Sunday, February 26, 2012, 7:27 PM
About ten years ago I attended a weeklong retreat sponsored by the Shalem Insititute in Washington, DC. This retreat was one component of a program in group spiritual direction that I was participating in.
The centerpiece of the retreat was a 24 hour period of silence. Participants would remain in the retreat center or on the grounds during the whole time, but would not speak with one another during the designated period of silence.
As the period of silence began, I wandered into the chapel of the retreat center. I picked up a copy of the bulletin that another group had used for worship and read this paraphrase of the first few verses of Psalm 19.
"As the sunrise and the sunset praise you in colors royal, day after day, and the night gives praise in glittering splendor, star by star. And the seas praise you, tumbling and spraying their white spume, fluent in calm and storm. And the land praises you, bursting into bloom with a rainbow of flowers and all manner of fruit. Yet they speak no words; THEIR BEING IS THEIR PRAISE." [Capitals are mine. I have tried but cannot locate the author or source of this text. It was printed in the bulletin without attribution.]
At that moment, I remember feeling that these words were speaking directly to me, inviting me to consider what it meant for anyone or anything to praise God simply by being who we are and what we are. No words or speech were necessary. This was a perfect introduction to the time of silence.
Later that afternoon, I tried to take a nap. As I tried to fall asleep, I became increasingly aware of the noise outside the building. Some new houses were being built on land adjoining the retreat center. The construction equipment was loud, as were the workers who had to yell over the noise of the machinery.
At first I was irritated by the noise that seemed to interrupt the silence. Then I was amused at the irony. Finally, I realized that "silence" meant something different than "quiet."
I realized that the gift of silence was not about quiet from the noise of the world. Rather, the time of silence gave me a break from the responsibility of speaking with others and listening to them.
Not forever. I would resume speaking and listening to others when the time came. But the time of silence would provide an opening for me to focus on things that I had been neglecting because of the sometimes overwhelming responsibility to communicate with others.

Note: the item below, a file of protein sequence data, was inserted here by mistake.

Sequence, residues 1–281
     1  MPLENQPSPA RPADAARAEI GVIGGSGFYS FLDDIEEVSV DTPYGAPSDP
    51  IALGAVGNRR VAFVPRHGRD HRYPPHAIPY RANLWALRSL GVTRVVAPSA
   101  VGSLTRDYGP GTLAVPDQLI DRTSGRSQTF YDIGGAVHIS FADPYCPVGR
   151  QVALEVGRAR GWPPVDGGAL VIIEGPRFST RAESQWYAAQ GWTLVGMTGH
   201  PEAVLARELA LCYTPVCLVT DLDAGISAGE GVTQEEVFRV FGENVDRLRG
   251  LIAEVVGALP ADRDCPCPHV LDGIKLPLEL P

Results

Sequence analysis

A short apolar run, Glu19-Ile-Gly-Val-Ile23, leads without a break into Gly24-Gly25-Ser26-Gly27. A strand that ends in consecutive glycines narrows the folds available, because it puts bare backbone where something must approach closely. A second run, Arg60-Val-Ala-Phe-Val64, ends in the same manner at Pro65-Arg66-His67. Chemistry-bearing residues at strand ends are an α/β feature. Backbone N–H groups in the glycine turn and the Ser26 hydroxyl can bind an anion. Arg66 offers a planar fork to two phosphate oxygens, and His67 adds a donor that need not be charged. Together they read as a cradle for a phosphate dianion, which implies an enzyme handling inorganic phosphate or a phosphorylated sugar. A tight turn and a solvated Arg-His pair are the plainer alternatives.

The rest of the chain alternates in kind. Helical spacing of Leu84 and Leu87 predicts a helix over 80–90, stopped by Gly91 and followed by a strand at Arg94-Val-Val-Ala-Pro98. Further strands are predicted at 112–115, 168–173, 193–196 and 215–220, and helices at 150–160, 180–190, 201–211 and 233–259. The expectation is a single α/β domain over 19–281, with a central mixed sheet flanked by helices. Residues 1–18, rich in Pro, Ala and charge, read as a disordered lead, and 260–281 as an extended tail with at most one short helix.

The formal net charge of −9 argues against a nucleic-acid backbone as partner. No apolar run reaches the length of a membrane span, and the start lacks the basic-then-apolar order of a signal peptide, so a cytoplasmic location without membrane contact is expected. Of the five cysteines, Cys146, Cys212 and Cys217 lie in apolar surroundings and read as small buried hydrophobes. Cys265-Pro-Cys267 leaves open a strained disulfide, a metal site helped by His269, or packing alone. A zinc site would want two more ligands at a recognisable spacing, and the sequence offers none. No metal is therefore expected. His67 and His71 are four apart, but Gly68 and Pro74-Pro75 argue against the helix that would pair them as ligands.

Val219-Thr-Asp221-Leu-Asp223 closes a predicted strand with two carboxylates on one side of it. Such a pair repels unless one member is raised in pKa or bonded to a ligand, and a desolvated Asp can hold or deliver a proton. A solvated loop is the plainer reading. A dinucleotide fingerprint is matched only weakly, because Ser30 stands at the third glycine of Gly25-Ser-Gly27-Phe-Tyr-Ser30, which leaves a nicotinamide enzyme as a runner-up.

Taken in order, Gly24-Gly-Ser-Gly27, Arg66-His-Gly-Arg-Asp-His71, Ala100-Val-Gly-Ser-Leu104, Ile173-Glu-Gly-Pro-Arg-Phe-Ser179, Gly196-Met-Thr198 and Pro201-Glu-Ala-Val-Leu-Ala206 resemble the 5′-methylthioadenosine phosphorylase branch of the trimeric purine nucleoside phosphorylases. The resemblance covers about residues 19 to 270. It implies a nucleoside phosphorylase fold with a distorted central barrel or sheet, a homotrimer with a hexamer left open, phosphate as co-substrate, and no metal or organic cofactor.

My great discovery during that time of silence was that, at that time in my life, I had stopped talking with God. The previous six months had been stressful and painful for me both because of work and life. During that time of busyness, I had simply stopped talking with God. So I spent the remainder of that afternoon and evening, and the following morning, talking to God. It was a rather one sided conversation, since, after six months, I had a lot to say.
I learned from that experience that it was important to keep open the lines of communication between God and me. And, yes, I believe I do as much listening as speaking these days when I talk with God. But that period of intentional silence gave me the opportunity to discover what was missing from my life in that time. And subsequent periods of intentional silence have helped me to keep perspective.
Lent is a season when we encourage one another to focus intentionally on strengthening our individual and communal relationships with God by setting aside time for prayer, reflection, and meditation. We are called to stop doing some things that interfere with our relationship with God and to start doing other things that can strengthen it.
For who serve and lead in the church, Lent can also be a season of incredibly frantic busyness-the opposite of what we hope for others and ourselves. Some of this busyness cannot be avoided. What is most important is that we not let ourselves be consumed by it.
I encourage you to do what you need to do in this season of Lent to deepen your own relationship with God. And I encourage you to try intentional silence as one way to do this. You may need the support of a spiritual director who will walk with you on this journey. You may need to find a place apart from ordinary life in order for this to be meaningful. And it may not work for you.
But it may be just the thing.
May God bless you and all those who are touched by your ministry during this season of Lent.